English 7160X: History of the English Language

Tanya Pollard

3113 Boylan

Tuesday 6:30-8:10

E-mail: Tpollard@brooklyn.cuny.edu

Web: http://academic.brooklyn.cuny.edu/english/tpollard

Office: 3108 Boylan

Phone: 718-951-5000 x 6216

Hours: T 5:30-6:30 & by appt

The English language, like the United States, and like Brooklyn in particular, is a crazy quilt of countless languages and cultures.  This course will explore the development of English from its earliest forms to the present day, with an emphasis on the cultural encounters that have kept it in a constant state of mobility and expansion.  We will examine the language’s Anglo-Saxon beginnings and its early evolution in response to encounters with French, Latin, and Greek; explore some of the far-flung shores where England’s colonial and imperial ventures brought the language, and see what they brought it in return.  We will consider the distinctive status of American English, the question of when and how neologisms and slang terms become official components of the language, and the status of English as a global phenomenon, alongside the phenomenon of mixed linguistic forms such as Spanglish, Franglais, Danglish, Singlish, Hinglish, Tanglish, and Globish.  Students’ experiences with, and perspectives on, alternate forms of English will be welcomed into discussions.

Wk

Date

Assignment

1

1-29

Introduction

2

2-5

Origins: Crystal 15-33, 57-85; Bryson, 46-53; Bragg, 6-7; http://www.arts.gla.ac.uk/stella/readings/OE/OE.HTM

3

2-12

No class

4

2-19

Middle English: Crystal 105-107, 121-139, 145-162, 222-253; Bryson, 53-63 Bragg, 32-39; http://www.arts.gla.ac.uk/stella/readings/Middle/MIDDLE.HTM

5

2-26

Renaissance: Crystal 254-333, 339-341; Bragg, 109-120; http://www.arts.gla.ac.uk/stella/readings/EMod/EMODERN.HTM

6

3-5

Standardization: Crystal 365-414; Bryson 147-160; http://johnsonsdictionaryonline.com/?page_id=8

7

3-12

Review

8

3-19

Exam

9

3-26

America and elsewhere: Crystal 419-452; Bryson 161-178; https://archive.org/details/americandictiona01websrich

10

4-2

English expands: Crystal 453-479; Bragg, 236-260; http://dsal.uchicago.edu/dictionaries/hobsonjobson/frontmatter/frontmatter.html & http://ebooks.adelaide.edu.au/h/hakluyt/voyages/v12/chapter11.html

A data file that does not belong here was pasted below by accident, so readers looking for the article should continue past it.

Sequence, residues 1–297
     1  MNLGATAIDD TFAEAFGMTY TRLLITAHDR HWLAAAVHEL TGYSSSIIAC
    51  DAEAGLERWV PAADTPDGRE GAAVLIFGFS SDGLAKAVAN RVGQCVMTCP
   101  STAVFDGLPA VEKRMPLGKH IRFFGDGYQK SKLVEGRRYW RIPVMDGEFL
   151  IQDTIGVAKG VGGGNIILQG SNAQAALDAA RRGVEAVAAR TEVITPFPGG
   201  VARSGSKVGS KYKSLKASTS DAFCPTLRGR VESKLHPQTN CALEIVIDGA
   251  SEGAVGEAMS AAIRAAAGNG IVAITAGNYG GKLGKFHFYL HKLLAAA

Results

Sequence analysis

11

4-9

Fusion Englishes, Future Englishes: Crystal 502-509, 514-534; Abley, 54-100; Bryson 179-195, 239-245; Globish For Beginners; Social media and English; Texting and English; paper proposal due

12

4-16

Exam

13

4-23

No class

14

4-30

Research presentations and outlining workshop

15

5-7

Research presentations and drafting workshop

16

5-14

Research paper due; peer-editing workshop

17

5-21

Revised research paper due

 

Course Requirements and Expectations:

Attendance

Because contributions to class discussion are a central part of the work for this course, attendance is crucial. Missing more than two classes will lower your overall grade; four absences will mean failing. Arriving after 6:30 will count as one-third of an absence.

Texts

All readings for this class will be available in Blackboard.

Participation

Learning is a collaborative process, which works best when each of you engages fully with the texts and with each other.  To this end, I will expect you to participate actively in class discussions; your contributions will determine a significant portion of the semester’s grade. In order to build a classroom atmosphere of courtesy and concentration, please avoid behavior that is disrespectful and interferes with others’ learning, including rudeness, talking, texting, or emailing, and ringing from cell-phones, pagers, watches, etc.

Writing

Over the course of the semester you will post 4 short reading-responses on Blackboard (2 by March 5th, and 2 more by April 9th), as well as a research proposal, a peer-critique, and a 12-15p research paper; there will also be 2 exams. Reading responses should be posted before the class at which the reading is discussed. Any use of others’ ideas must be fully acknowledged; speak to me if you are unsure about what this means. Plagiarism is a serious offense, and will result in failing the class and being reported to the Dean’s Office.

Coursework and grading:

Reading responses and participation

Midterm exam

Final exam

Final research project (5% proposal, 10% draft, 25% final)

 

20%

20%

20%

40%

Selected Recommended Readings`

*Mark Abley, The Prodigal Tongue: Dispatches from the Future of English (Houghton Mifflin, 2008)

*Melvyn Bragg, The Adventure of English (Arcade, 2003)

*Bill Bryson, The Mother Tongue: English and How it Got That Way (Harper Collins, 1990)

David Crystal ed., The Cambridge Encyclopedia of the English Language (Cambridge, 1995)

*David Crystal, The Stories of English (Overlook, 2004)

Philip Durkin, The Oxford Guide to Etymology (Oxford, 2009)

Dennis Freeborn, From Old English to Standard English: A Coursebook in Language Variation Across Time (Ottawa, 1998)

Henry Hitchings, The Language Wars: A History of Proper English (FSG, 2011)

Geoffrey Hughes, A History of English Words (Blackwell, 2000)

Seth Lerer, Inventing English: A Portable History of the Language (Columbia, 2007)

Tom McArthur, The Oxford Companion to the English Language (Oxford, 1992).

Robert McCrum, Globish: How the English Language Became the World’s Language (Norton, 2010)

Robert McCrum, William Cran and Robert MacNeil, The Story of English (Faber & Faber, 1986)

Celia Millward, A Biography of the English Language (Holt, Rinehart, and Winston, 1996)

Haruko Momma and Michael Matto, eds, A Companion to the History of the English Language (Blackwell, 2008)

Lynda Mugglestone, The Oxford History of English (Oxford, 2012)